Bookies v's Exchanges

What are they? And what's the difference?

When you’re new to betting, it can sometimes be difficult knowing the difference between all of the different available options. One common area of confusion is centred around the use of betting exchanges and sportsbooks (bookies).

What’s the difference?


You may well have used a sportsbook before, or a traditional high street bookmaker/bookie.


The bookmaker creates what is known as the ‘book’. This is where he forms the betting market for an event, with each of the different selections that are available at a given price. He prices each selection so that the combined probabilities add up to slightly over 100%, by adding what is known as an over-round or vig (see our guide to odds for an explanation).


You, the customer, then place a bet with the bookmaker at the available odds, and if your selection wins, you’re paid at a multiple of the odds. A betting exchange differs because they don’t set odds, they don’t take your bets, and they don’t pay you out of their own pocket.


The betting exchange company (e.g. Betfair) just provides a platform for users to bet against each other. One user acts as the bookmaker, and the other person plays the role of a traditional gambler. Because of this, the betting market looks completely different, as you’ll see below:




In the above picture, a back bet is a traditional bet (in blue). You place a bet and you’re paid out at a multiple of the odds you backed your selection at. A lay bet (in pink), is where a gambler plays the role of the bookmaker. They are effectively saying they don’t think a certain selection will win, and they offer odds to anyone who wishes to accept the bet.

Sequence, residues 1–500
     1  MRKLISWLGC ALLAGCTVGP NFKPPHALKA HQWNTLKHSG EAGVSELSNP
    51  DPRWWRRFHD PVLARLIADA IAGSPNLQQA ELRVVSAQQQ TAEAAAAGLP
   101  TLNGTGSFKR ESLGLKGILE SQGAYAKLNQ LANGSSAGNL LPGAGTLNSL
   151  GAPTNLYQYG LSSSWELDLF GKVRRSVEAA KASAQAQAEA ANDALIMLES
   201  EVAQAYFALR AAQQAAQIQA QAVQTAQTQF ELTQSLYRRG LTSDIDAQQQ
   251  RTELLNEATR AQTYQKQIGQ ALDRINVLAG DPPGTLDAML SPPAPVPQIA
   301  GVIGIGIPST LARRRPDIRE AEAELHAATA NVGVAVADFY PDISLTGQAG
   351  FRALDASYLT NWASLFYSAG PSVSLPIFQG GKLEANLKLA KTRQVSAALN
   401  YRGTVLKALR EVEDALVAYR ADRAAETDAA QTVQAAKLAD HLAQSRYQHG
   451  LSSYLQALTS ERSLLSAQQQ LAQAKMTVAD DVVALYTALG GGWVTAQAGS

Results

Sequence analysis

So, if you placed a lay bet of the above selection, Cleonte, at odds of 4.8, you would state how much money you’re willing to lay. For this example, lets that that’s just £10.


If Cleonte won the race, as you’re playing the role of the bookmaker, you are liable to pay out £48 to the winner on the other side of the bet. If you were correct, and Sir Titan failed to win, you would get to keep their £10.

So how does the betting exchange make their money? Well, they take a small commission of between 2% & 5% on all winning bets.


Commission v's Over-round

In real life terms, a correct book percentage should add up to 100%. This is because the probability of one of the horses winning a horse race (should it be completed) is 100%. Odds are representative of the percentage chance each horse has of winning a race. However, using the same race,and now showing the William Hill odds:


Adding up the implied probability of each selection in the above (100 / odds price) = 128.1%.


This is because the above book is one created by a bookie. The ‘over-round’ of 28.1% means that the bookmaker expects to make a profit of 28.1% for the total amount of bets placed on the market. So if they take £1,000 in bets on the market, they expect a profit of £281.